Flint Business Owners, Residents Struggle On Despite Grim Reality
FLINT (WWJ) The people in Flint are dealing with more than the fact that they can't drink their own water -- the simple pleasure of going out for coffee is a challenge too.
WWJ's Laura Bonnell dropped into a local coffee shop in Flint to hear how the water crisis is being handled there.
Bruce Blackburn and buddies come to Dawn Donuts on Clio Road in Flint nearly every day to have some coffee and relax, chatting around the table, but the harsh reality of constantly worrying about using bottled water is catching up with them.
"Definitely, you're not for sure about what's going on with this water, what they're going to do about it," he said.
Everything about the water crisis depresses him.
Does he make sure they're making his java with bottled water?
"Yes," he said.
The owner Andy Patel said he is using bottled water for all drinks, but the fact people assume he's using Flint was is hurting his business, he said. He keeps a fresh gallon of water displayed on the counter to ease the minds of customers.
"People think we are using regular water from the city of Flint and a lot of people they don't buy coffee and things like that, but we're using gallons of water," he said. "Our regular customers know. They buy it."
It's not just hard on business owners. Equally as difficult is providing water for a large family on a limited income, reported WWJ's Vickie Thomas.
Because there are 10 people in her house, Susan Manicke said it's been tough getting enough bottled water for the entire family.
"We've had it delivered to the house ... We've still had to buy water and with buying water it's a high cost," she said.
She's also worried about who's going to foot the bill to repair or replace the pipes that carried lead-tainted water from the Flint River.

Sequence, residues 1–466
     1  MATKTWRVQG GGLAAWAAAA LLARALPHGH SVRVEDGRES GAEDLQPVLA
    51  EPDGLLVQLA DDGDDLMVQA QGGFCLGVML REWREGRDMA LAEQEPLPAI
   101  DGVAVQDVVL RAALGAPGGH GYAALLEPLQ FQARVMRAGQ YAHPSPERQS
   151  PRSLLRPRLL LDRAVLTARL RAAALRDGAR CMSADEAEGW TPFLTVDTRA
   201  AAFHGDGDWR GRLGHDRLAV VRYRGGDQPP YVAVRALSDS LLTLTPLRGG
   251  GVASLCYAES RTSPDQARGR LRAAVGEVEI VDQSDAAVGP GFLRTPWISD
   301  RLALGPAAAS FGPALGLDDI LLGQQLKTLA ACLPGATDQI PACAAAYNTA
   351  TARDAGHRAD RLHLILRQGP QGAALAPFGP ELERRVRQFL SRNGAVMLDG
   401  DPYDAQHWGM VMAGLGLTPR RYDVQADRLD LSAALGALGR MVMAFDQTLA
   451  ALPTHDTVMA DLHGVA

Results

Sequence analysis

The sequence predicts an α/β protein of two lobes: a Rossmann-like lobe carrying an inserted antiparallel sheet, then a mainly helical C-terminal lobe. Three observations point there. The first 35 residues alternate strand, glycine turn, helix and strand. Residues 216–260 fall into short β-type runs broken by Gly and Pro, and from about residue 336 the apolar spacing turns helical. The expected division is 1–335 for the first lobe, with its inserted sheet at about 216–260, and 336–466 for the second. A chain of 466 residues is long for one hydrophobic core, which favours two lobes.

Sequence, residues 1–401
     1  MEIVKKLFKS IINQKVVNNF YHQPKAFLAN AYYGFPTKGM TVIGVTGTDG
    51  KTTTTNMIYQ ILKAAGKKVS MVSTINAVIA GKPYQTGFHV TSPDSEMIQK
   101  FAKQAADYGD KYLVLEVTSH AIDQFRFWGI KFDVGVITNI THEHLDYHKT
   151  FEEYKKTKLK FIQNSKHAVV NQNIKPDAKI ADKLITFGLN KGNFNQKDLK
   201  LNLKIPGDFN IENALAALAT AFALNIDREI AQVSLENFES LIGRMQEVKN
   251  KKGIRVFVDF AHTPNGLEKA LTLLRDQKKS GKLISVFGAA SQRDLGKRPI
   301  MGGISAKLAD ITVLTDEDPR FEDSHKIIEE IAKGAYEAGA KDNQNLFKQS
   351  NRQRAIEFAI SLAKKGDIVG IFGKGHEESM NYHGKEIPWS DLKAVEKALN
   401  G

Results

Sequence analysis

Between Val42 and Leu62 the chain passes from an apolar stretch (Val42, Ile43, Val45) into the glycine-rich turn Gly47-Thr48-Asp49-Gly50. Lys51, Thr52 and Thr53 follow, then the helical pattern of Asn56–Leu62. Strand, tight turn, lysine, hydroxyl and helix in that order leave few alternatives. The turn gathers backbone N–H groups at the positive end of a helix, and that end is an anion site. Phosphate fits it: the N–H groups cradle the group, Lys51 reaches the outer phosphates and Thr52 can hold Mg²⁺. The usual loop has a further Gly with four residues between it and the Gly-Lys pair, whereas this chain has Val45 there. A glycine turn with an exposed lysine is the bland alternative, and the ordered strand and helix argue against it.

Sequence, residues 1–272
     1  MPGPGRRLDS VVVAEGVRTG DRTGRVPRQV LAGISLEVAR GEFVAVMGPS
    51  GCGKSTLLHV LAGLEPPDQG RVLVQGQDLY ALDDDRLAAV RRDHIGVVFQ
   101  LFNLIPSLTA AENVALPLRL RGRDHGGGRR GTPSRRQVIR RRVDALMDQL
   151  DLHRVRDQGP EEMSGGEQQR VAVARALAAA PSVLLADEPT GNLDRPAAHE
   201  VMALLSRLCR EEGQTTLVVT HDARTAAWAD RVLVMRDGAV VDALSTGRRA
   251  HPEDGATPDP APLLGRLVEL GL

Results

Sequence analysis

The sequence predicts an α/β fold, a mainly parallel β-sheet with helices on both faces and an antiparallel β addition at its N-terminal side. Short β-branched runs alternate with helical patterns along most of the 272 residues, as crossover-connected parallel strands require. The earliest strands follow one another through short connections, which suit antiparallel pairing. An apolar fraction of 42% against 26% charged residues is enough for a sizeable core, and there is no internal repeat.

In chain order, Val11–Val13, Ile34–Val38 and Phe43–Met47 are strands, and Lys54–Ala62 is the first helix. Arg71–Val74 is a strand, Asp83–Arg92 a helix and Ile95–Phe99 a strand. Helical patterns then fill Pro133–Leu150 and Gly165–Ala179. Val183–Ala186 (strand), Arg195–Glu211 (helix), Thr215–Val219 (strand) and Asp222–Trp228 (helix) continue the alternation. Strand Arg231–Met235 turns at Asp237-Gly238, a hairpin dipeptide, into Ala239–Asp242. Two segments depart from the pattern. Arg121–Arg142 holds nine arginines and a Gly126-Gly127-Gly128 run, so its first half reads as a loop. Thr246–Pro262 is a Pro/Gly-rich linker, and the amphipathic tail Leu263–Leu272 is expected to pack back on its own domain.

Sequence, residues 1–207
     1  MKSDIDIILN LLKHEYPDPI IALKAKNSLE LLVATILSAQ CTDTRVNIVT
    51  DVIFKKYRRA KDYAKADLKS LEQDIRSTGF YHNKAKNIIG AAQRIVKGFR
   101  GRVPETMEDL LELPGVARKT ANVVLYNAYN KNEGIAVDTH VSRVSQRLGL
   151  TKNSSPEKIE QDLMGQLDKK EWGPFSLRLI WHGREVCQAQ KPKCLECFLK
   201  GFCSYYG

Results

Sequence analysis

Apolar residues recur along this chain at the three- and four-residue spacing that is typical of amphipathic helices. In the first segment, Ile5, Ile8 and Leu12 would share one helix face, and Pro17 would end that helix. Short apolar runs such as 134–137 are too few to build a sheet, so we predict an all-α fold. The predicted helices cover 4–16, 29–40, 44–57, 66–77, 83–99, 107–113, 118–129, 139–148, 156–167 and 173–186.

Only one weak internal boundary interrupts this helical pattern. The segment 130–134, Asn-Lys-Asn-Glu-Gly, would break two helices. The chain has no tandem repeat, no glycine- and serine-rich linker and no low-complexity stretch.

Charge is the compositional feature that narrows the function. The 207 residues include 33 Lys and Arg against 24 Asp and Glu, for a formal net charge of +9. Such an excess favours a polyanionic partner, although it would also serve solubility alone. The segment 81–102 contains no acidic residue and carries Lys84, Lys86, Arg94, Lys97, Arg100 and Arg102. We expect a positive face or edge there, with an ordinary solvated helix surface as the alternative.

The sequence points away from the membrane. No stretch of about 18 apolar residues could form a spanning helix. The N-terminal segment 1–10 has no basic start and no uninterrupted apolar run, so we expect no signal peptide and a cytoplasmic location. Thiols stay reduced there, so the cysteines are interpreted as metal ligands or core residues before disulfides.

"I think it's horrible because not only did it ruin the pipes and the city, it ruined the pipes in people's older houses so now we're going to have to fix the pipes in older houses, too," she said. "I think they should get assistance with it. It's not their fault."
Flint has been at the center of a national firestorm after it was discovered a cost-saving measure had potentially poisoned residents across the city with lead-tainted water. The city decided to switch water sources to the contaminated Flint River and failed to carry out procedures that would have prevented lead from seeping into the water system.
After whistleblowers made headlines out of it, bringing bottles of cloudy, grainy water from household taps to city meetings, they were first reassured tests by the state showed the water was safe. After repeated cries for help, it was revealed the tests were not properly completed and the water was actually unsafe to consume.
Michigan Governor Rick Snyder apologized and the federal government is investigating.
Celebrities from Eminem, Big Sean, Diddy, Mark Wahlberg, Jimmy Fallon and Cher to Pistons owner Tom Gores have pledged millions of dollars of support and sent crates and crates of bottled water to the beleaguered city. Gores pledged to raise $10 million.
"Families and children who live in Flint are suffering, but this is a national issue," Gores said in a statement. "Flint was once a cornerstone of American industry that gave a lot to this country. We need help now more than ever and ask that people from coast to coast continue stepping up."
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